Leave a comment telling me about your favourite river, and go in the draw to win a copy of Billabong Bend! (Aust & NZ only) Competition closes June 23rd.

BB14

 

 

 

 

 

 

Nearly There …

Gwydir Wetlands

Credit: Daryl Albertson – Gwydir Wetlands

My new book (working title Billabong) is due for submission to Penguin on Monday. I’m putting the final touches on the first draft … and it’s good, if I do say so myself! The story is set on an imaginary river in the Murray-Darling basin, somewhere in north-western NSW near the junction of the Namoi and the Barwon – land of the Kamilaroi nation.

Brolga 2It’s a star-crossed love story between a cotton grower and a floodplains grazier. For riverine farmer Nina Moore, the rare marshland flanking the beautiful Bunyip River is the most precious place on earth. Her dream is to buy Billabong Bend and protect it forever, but she’s not the only one wanting the land. When Rocco, her childhood sweetheart, returns to the river, old feelings rekindle and she thinks she has an ally. But a tragic death divides loyalties, tears apart their fledgling romance and turns her dream into a nightmare. Will Nina win the battle for Billabong? Or will the man she once loved destroy the wild wetlands she holds so close to her heart?

Egret 3It’s a story about first love – that original blinding passion that is never forgotten. When you believe that anything is possible. When you first believe in something more than yourself. But it’s also the story of a river, of water use in a thirsty land, and the division and conflict it inevitably causes. And if you love birds like I do, particularly our magnificent wetland birds, you’re in for a real treat!

Rural Romance AuthorsAnyway, I’d better stop talking and go back to polishing that first draft. I’ll finish with a bit of  Aussie rural author-watching, instead of bird-watching. This photo was taken at a recent conference, and is courtesy of Cathryn Hein. How many can you identify?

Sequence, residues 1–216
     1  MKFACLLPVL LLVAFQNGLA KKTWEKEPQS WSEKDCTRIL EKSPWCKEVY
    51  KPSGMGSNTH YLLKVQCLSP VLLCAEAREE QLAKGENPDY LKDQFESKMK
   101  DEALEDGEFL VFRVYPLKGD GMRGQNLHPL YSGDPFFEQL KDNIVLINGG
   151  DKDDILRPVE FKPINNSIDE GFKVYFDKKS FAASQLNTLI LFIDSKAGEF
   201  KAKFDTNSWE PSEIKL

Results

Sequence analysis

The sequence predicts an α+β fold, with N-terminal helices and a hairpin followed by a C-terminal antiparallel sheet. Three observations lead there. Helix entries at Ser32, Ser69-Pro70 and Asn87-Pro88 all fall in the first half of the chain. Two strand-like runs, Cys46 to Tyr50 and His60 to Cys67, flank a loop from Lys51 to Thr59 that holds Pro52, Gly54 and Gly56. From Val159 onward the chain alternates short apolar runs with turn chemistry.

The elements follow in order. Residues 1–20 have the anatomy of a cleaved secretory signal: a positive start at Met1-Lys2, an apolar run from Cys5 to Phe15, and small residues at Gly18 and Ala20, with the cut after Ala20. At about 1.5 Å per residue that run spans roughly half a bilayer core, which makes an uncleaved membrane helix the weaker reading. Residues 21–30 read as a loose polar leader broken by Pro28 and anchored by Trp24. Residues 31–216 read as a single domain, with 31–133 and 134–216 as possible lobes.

BB2013_Nominee

The New Romantics

The New Romantics

L-R Kate Belle, Me, Jan Bull, Kathryn Ledson and Margareta Osborn

I’ve joined forces with authors Kate Belle, Kathryn Ledson and Margareta Osborn to form a panel called The New Romantics. Together we present a fresh and modern take on Aussie love stories. Though none of us write traditional ‘romance’, we all have strong romantic elements in our books.

 

 

CC 1 003Yesterday was our very first gig. It was in celebration of National Bookshop Day, and we were warmly welcomed and entertained by the gorgeous people of Foster and South Gippsland. Many thanks to Jan and Bob of Foster’s Little Bookshop, for organising and hosting the event!

 

Rough Diamond Front Cover FinalI talked about how a modern romance may be all about passion, but it’s not just about the passion between two people falling in love. The medieval concept of romance always involved some sort of a quest, and so does a modern love story – it is a character’s search for herself. I also talked about how my passion for the environment is channelled into my stories.

 

 

Hope's RoadMargareta (author of Bella’s Run and Hope’s Road) talked about her own, marvellous brand of rural fiction. As a fifth-generation farmer, her ties to the land are very strong and her books convey a sense of place, community and belonging. Kathryn (author of Rough Diamond) gave us her hilarious take on romantic comedy. Kate (author of The Yearning) discussed whether or not that happy-ever-after ending is an essential element of a modern romance novel, and much, much more.

Yearning lo resAll in all it was a fabulous day, and an encouraging beginning to our life together as an author panel. We are available for events and festivals! Contact the lovely Kate Belle (ecstasyfiles at gmail dot com), who has become our de facto organiser. I look forward to many more stimulating authorly discussions and would love for you all to join us sometime in the future!

BB2013_Nominee

Q&A with Pamela Cook

Pamela Cook PicPlease welcome fellow rural author, Pamela Cook to Pilyara. She’s also  a fellow horse lover, which makes her doubly welcome. Pamela is a writer, teacher and mother of three gorgeous daughters. She also manages a menagerie of dogs, rabbits, birds, fish and horses and her favourite pastime (after writing) is riding her handsome quarter horse, Morocco. And now it’s over to Pamela, to answer some questions about her wonderful debut novel, Blackwattle Lake.

Hi Jenny and thanks so much for having me on your blog.

1. Tell us about your call story Pamela. How did you receive your first offer of publication?